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Javier A. Zaragoza, CSCS – Graduate Assistant, University Mary Hardin-Baylor

Andreas Kreutzer – Instructional Lab Coordinator, Texas Christian University

Jonathan M. Oliver – Assistant Professor and Director, Sport Science Center, Texas Christian University

Anthony Anzalone – Medical Student, Wake Forest School of Medicine

Tori Como – Research Associate, UNT Health Science Center

David Julovich – Senior Research Associate, UNT Health Science Center

James Hall – Professor, UNT Health Science Center

Sid O'Bryant – Professor, UNT Health Science Center

Stacie Urbina – Assistant Director, Human Performance Lab, University of Mary Hardin-Baylor

Lemuel Taylor – Associate Professor & Director of Graduate Studies, University of Mary Hardin-Baylor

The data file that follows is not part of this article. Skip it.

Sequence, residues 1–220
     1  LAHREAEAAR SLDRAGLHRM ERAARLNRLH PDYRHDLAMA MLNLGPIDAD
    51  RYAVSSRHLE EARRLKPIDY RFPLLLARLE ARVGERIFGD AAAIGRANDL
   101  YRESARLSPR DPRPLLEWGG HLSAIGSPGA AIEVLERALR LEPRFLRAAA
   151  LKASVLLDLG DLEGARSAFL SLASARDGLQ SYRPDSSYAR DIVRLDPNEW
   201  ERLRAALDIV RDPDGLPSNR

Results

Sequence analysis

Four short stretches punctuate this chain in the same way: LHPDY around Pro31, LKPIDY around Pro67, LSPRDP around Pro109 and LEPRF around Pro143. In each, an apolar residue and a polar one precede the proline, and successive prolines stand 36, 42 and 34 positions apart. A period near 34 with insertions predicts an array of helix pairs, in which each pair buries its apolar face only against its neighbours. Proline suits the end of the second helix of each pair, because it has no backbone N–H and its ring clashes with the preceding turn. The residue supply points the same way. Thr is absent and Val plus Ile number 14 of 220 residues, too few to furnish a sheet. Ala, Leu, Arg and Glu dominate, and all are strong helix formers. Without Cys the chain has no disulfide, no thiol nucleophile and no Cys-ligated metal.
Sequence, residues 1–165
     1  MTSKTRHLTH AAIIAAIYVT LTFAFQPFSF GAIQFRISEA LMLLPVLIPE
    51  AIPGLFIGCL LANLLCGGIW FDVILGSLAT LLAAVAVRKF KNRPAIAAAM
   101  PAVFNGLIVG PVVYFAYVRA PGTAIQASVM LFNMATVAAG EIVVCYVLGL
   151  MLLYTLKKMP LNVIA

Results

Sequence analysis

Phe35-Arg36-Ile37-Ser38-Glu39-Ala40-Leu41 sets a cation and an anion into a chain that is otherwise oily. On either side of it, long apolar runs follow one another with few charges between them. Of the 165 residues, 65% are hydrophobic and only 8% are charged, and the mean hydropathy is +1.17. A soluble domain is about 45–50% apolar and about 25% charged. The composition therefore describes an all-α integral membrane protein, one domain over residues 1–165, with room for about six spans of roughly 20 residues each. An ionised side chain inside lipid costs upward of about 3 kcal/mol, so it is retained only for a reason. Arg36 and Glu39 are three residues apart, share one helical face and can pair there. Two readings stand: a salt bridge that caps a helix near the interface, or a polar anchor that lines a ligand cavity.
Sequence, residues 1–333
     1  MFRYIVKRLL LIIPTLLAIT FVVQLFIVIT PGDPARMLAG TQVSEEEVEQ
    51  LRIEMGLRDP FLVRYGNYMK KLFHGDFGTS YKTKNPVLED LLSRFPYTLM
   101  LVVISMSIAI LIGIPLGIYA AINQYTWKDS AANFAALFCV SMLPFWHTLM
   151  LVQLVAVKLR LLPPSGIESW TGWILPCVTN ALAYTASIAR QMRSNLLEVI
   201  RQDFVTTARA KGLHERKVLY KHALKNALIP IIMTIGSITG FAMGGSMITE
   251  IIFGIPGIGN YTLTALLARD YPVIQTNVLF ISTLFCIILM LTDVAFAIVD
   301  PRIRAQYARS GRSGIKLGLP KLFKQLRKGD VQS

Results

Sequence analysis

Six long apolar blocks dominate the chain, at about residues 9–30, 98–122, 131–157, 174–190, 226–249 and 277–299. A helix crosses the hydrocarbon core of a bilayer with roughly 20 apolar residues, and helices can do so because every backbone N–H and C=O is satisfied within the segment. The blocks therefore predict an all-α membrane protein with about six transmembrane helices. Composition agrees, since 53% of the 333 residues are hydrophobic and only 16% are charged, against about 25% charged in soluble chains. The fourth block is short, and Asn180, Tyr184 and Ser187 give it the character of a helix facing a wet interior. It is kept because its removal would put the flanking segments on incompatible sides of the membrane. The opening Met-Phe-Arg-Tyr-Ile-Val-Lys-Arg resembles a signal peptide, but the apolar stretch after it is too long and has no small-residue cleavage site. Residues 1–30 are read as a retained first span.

Accumulation of physiological stress over the course of a season may affect the ability of the athletes to maintain competitive training and match demands. During the competitive season, collegiate athletes are faced with other stressors such as, but not limited to, work and school. With a condensed schedule of up to 3 games within 4 days, exacerbation of these metabolic and mechanical stressors during periods of prolonged exposure may be damaging to the players. PURPOSE: To examine the fluctuations of inflammatory markers during the competitive season as related to repetitive subconcussive impacts of the head. METHODS: Sixteen National Collegiate Athletic Association (NCAA) male soccer athletes (20.1±1.3 years, 178.6±8.3 cm, 77.8±11.3 kg, 15.0±6.0 %BF) participated in weekly blood sampling through an 18-week season. Athlete statistics of minutes played (MP), and headers (HEAD) were collected post-season from the coaches. Headers were defined as any impact of the players’ head with the ball. Serum samples were stored at -80°C until analysis for TNF-α, interleukin-6 (IL-6), and interleukin-10 (IL-10) using a Quanterix™ Simoa HD-1 analyzer. We used R statistical language and the lme4 statistical package to perform a linear mixed effects analysis of the relationships of MP and HEAD with TNF-α, IL-6, and IL-10. We included the intercept for subjects as a random effects, and time point (TP), MP and HEAD (without the interaction term) as fixed effects. P values for model comparisons were obtained by likelihood ratio tests. RESULTS: TNF-α, IL-6, and IL-10 had no significant changes over the course of the season when compared to baseline values. TNF-α was elevated in week 14 (0.384 pg/mL) when compared to baseline (0.33 pg/mL). IL-6 remained constant over time with little variations while IL-10 seemed to decrease over time. Adding MP or HEAD did not improve the model fit over models with time points only. The estimates for the effects of MP and HEAD for TNF-α, IL-6, and IL-10 were low and sometimes negative. CONCLUSIONS: In our study, neither MP nor HEAD were significant predictors for TNF-α, IL-6, and IL-10 across the course of an NCAA Men’s soccer season. Concentrations of these cytokines seemed to only slightly vary across the season with slight fluctuations decreasing towards the end of the season. PRACTICAL APPLICATIONS: The results of this investigation suggest that TNF-α, IL-6, and IL-10 are not significantly raised during an NCAA Men’s soccer season at both time points and MP or HEAD. Although this study did not show differences in inflammatory markers across the season, recovery and nutrition are still important to manage the potential for these inflammatory markers to raise across the season. Research reported in this publication was supported (in part) by the National Institute on Aging of the National Institutes of Health under Award Numbers R01AG051848, R01AG058537, and R01AG058252. The content is solely the responsibility of the authors and does not necessarily represent the official views of the National Institutes of Health. 


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